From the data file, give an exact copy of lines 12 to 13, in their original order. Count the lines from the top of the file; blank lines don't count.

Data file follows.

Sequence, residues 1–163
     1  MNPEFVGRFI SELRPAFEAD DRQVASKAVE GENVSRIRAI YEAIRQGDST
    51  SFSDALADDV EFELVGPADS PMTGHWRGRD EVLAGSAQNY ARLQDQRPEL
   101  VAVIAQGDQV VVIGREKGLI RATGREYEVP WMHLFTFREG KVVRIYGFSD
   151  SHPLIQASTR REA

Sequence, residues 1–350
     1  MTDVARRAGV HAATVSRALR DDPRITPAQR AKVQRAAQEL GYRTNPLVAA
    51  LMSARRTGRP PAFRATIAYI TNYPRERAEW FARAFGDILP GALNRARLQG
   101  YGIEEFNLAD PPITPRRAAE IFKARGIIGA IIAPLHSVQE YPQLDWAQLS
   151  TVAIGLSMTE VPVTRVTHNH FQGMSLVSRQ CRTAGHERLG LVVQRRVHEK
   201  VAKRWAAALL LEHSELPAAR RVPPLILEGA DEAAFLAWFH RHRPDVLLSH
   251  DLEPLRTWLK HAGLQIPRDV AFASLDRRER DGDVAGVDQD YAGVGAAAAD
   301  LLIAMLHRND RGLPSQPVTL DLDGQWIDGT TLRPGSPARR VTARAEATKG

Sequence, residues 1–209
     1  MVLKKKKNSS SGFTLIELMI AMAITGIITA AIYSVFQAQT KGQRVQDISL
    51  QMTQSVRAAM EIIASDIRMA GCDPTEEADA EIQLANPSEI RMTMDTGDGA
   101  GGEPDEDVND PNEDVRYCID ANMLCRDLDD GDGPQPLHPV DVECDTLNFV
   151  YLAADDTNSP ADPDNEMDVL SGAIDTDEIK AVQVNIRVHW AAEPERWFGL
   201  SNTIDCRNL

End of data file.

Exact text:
   251  DLEPLRTWLK HAGLQIPRDV AFASLDRRER DGDVAGVDQD YAGVGAAAAD
   301  LLIAMLHRND RGLPSQPVTL DLDGQWIDGT TLRPGSPARR VTARAEATKG